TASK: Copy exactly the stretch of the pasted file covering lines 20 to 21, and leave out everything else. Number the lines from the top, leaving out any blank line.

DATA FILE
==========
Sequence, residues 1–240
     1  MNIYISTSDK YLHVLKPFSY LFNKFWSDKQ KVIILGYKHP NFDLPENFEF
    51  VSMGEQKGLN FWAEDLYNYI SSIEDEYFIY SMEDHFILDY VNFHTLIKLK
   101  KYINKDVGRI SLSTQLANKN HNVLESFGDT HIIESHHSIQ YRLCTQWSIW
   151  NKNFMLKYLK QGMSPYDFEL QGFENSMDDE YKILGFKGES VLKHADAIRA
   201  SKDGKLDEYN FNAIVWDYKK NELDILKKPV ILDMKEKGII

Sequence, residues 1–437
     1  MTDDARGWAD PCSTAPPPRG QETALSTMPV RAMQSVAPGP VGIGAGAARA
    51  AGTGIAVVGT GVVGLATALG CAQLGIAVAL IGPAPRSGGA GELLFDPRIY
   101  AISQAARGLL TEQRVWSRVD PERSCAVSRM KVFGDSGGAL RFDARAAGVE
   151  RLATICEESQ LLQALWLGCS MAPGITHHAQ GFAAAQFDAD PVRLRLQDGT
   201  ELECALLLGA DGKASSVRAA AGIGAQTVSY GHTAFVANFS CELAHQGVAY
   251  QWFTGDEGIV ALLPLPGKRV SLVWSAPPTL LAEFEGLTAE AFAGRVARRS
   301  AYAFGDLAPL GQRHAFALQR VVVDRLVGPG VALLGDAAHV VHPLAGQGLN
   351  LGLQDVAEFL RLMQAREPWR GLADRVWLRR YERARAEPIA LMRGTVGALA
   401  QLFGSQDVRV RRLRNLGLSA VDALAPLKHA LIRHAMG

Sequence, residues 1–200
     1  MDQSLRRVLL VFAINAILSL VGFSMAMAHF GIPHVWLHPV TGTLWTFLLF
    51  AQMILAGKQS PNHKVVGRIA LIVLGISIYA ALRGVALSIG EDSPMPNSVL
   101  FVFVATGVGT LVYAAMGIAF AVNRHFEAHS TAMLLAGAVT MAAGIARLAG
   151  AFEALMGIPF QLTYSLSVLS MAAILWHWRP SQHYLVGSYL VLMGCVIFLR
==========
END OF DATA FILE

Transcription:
   101  FVFVATGVGT LVYAAMGIAF AVNRHFEAHS TAMLLAGAVT MAAGIARLAG
   151  AFEALMGIPF QLTYSLSVLS MAAILWHWRP SQHYLVGSYL VLMGCVIFLR